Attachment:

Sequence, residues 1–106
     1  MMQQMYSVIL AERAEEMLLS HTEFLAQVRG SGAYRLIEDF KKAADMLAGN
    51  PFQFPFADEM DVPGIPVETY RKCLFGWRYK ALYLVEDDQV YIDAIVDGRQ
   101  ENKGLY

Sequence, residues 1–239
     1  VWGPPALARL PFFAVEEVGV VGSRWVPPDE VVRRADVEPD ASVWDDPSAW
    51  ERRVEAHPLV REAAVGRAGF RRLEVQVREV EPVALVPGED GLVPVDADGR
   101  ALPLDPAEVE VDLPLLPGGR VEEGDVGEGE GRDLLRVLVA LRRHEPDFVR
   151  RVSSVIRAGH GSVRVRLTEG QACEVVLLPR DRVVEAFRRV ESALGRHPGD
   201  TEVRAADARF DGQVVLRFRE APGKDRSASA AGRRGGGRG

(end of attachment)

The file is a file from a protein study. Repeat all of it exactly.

Sequence, residues 1–106
     1  MMQQMYSVIL AERAEEMLLS HTEFLAQVRG SGAYRLIEDF KKAADMLAGN
    51  PFQFPFADEM DVPGIPVETY RKCLFGWRYK ALYLVEDDQV YIDAIVDGRQ
   101  ENKGLY

Sequence, residues 1–239
     1  VWGPPALARL PFFAVEEVGV VGSRWVPPDE VVRRADVEPD ASVWDDPSAW
    51  ERRVEAHPLV REAAVGRAGF RRLEVQVREV EPVALVPGED GLVPVDADGR
   101  ALPLDPAEVE VDLPLLPGGR VEEGDVGEGE GRDLLRVLVA LRRHEPDFVR
   151  RVSSVIRAGH GSVRVRLTEG QACEVVLLPR DRVVEAFRRV ESALGRHPGD
   201  TEVRAADARF DGQVVLRFRE APGKDRSASA AGRRGGGRG